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'Daybreak' Aims for Viewers Through Deja Vu

MADELEINE BRAND, host:

This is DAY TO DAY from NPR News. I'm Madeleine Brand.

ALEX CHADWICK, host:

I'm Alex Chadwick.

The hit TV drama series Lost is about to go missing. Starting tonight, ABC is putting a new drama in the time slot for a few months. It's called Day Break, and if you like Lost's mind-bending ways, Day Break will not disappoint.

Here's TV critic Andrew Wallenstein.

ANDREW WALLENSTEIN: There's an easy way to describe Day Break. It's The Fugitive meets Groundhog Day. Now if you've seen those movies you know they cinematically have nothing to do with each other, which is what makes Day Break such a pleasant surprise.

In The Fugitive, a man framed for murder tries to prove his innocence on the lam. In Groundhog Day, a man mysteriously lives the same day over and over again. Those premises are improbably and brilliantly fused together for Day Break, in which a man framed for murder attempts to clear his name without having to clear his calendar.

As in Groundhog Day, Detective Brett Hopper wakes up to the same day, in this case it's 6:17 a.m. The day just so happens to be the one he is collared for killing an assistant district attorney. The problem is Hopper - played by Taye Diggs - doesn't think he killed anyone or at least doesn't remember.

In this scene, he is interrogated for the murder by fellow cops played by Mitch Pileggi and Ian Anthony Dale.

SOUNDBITE OF TV SHOW, "DAY BREAK"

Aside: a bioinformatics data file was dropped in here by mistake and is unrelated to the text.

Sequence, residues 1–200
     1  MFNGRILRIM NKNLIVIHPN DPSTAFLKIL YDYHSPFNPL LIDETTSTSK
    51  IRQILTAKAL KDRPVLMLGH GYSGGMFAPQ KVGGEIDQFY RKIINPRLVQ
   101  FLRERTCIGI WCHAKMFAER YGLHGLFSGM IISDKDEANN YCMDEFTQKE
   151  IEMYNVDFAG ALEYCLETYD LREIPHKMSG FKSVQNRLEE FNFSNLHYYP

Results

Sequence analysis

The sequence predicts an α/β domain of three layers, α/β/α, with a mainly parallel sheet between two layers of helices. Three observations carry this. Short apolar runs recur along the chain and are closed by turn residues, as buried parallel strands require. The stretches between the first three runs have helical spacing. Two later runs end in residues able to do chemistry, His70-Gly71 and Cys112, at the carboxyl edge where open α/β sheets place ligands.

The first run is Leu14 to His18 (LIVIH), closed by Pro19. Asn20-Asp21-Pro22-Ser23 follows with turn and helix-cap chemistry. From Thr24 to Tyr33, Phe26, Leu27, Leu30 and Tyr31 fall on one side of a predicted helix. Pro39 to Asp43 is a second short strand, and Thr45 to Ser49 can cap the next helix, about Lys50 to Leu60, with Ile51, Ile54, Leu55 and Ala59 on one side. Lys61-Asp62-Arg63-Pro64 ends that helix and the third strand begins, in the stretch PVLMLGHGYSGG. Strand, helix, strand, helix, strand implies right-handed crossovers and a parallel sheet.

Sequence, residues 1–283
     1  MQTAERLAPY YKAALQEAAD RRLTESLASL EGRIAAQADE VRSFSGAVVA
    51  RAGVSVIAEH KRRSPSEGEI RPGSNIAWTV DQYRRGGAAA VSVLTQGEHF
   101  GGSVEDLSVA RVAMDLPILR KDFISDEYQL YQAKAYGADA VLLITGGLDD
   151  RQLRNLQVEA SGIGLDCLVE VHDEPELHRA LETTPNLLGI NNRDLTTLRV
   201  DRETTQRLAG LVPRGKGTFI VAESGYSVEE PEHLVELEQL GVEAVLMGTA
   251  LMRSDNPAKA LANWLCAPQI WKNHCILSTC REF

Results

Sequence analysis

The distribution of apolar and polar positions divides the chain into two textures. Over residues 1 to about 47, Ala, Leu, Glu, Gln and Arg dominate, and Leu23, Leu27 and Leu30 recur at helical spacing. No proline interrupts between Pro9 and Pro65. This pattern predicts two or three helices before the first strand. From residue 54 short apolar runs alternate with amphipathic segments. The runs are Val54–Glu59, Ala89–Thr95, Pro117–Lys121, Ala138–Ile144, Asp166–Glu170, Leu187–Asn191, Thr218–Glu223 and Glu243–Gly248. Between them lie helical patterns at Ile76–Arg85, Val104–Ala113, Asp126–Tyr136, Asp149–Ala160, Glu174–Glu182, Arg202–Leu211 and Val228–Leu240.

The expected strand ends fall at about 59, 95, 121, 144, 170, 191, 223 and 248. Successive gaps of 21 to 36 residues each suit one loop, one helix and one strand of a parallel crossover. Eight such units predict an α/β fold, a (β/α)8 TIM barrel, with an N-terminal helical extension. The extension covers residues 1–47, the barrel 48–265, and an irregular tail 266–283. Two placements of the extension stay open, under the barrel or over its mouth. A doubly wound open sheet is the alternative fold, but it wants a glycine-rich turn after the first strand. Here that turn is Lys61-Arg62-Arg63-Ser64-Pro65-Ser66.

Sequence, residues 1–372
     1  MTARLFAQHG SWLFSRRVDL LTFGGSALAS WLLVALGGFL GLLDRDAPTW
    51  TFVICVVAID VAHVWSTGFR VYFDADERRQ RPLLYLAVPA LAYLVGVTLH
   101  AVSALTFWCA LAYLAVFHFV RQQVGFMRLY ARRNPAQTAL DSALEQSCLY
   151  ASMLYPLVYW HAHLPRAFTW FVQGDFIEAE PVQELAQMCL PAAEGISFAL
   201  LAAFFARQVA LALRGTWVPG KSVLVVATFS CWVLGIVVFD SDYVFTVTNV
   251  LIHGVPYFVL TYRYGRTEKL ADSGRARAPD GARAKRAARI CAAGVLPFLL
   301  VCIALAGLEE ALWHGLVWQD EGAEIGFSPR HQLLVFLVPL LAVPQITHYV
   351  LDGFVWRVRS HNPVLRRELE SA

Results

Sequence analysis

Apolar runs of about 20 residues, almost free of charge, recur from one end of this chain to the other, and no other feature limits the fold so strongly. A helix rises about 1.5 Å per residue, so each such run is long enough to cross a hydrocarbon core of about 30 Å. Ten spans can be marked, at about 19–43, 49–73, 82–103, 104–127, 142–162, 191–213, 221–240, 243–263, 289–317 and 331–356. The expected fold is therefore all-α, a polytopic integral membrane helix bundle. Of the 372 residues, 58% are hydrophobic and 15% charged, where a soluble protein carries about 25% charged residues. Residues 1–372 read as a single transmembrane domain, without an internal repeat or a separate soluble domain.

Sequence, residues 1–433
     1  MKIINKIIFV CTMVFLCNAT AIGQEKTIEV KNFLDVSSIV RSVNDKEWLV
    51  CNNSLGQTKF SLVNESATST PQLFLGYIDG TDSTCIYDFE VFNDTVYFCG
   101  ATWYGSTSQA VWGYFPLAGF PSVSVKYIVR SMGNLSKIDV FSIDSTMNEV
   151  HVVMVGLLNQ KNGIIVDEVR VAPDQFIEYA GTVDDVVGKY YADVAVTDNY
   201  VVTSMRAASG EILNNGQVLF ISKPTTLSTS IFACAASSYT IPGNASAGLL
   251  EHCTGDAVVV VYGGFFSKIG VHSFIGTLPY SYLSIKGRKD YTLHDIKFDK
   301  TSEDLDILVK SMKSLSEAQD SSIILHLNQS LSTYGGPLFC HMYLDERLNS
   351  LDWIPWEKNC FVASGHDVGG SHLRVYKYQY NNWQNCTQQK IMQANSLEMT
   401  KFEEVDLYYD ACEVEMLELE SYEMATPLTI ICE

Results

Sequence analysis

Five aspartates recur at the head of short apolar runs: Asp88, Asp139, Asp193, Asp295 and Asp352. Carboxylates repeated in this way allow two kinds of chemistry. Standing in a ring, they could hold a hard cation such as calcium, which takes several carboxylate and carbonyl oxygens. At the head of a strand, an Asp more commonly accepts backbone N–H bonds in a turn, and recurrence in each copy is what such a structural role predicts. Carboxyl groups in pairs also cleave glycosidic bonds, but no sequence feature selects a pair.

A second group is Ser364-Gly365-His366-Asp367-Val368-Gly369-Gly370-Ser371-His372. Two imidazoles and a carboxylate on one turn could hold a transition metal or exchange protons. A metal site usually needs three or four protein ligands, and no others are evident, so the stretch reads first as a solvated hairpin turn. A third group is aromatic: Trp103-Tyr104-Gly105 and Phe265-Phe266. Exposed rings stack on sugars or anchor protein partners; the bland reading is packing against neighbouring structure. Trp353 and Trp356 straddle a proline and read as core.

Mr. IAN ANTHONY DALE (Actor): (As Detective Choi) Look, you know what we're doing here, all the tactics back and forth. So I'm coming straight at you. What did you have against Garza?

Mr. TAYE DIGGS (Actor): (As Brett Hopper) You've got to be kidding right?

Mr. MITCH PILEGGI (Actor): (As Detective Spivak) We've got the murder weapon. Your prints are on it.

WALLENSTEIN: As Hopper sorts through the puzzle of his life, we learn he has plenty of pieces. The informant he counted on to rat out a local gang has turned on him. And his girlfriend happens to be the ex-wife of his former partner, Chad Shelten played by Adam Baldwin.

There's no love lost between Hopper and Shelten. In this scene Hopper complains to Shelten he's been framed.

SOUNDBITE OF TV SHOW, "DAY BREAK"

Mr. Diggs: (As Brett Hopper) Now you know this things being set up from like a mile away.

Mr. ADAM BALDWIN (Actor): (As Chad Shelten) Set up? No, they got you cold man. Weapon, prints. But you've got an alibi, right? Rita? You've been spending a lot of time with her lately. If you're going to make an honest woman of her, get married already.

WALLENSTEIN: Were it not for its Groundhog Day twist, Day Break would be a standard issue cop thriller. It's filled with stock characters, wooden dialogue and it's too slick by half. But sticking its protagonist in this looping time warp, a mystery in itself for Hopper to solve, is a terrific concede.

Watching Hopper negotiate familiar terrain over and over in different ways feels more like you're watching an Xbox than ABC, which probably makes me the first critic to compare a production to a video game and intend it as a compliment.

On paper, the hybrid heart of Day Break doesn't make much sense, but a funny thing can happy when one formula is mixed with another formula, you come up with a pretty creative concoction.

CHADWICK: Andrew Wallenstein is DAY TO DAY's regular TV critic. He's also an editor for the Hollywood Reporter. Transcript provided by NPR, Copyright NPR.

Andrew Wallenstein
Andrew Wallenstein is the television critic for NPR's Day to Day. He is also an editor at The Hollywood Reporter, where he covers television and digital media out of Los Angeles. Wallenstein is also the co-host of the weekly TV Guide Channel series Square Off. His essay on Holocaust films was published in Best Jewish Writing 2003 (Jossey-Bass), and he has also written for The New York Times, The Boston Globe and Business Week. He has a master's degree in journalism from Columbia University.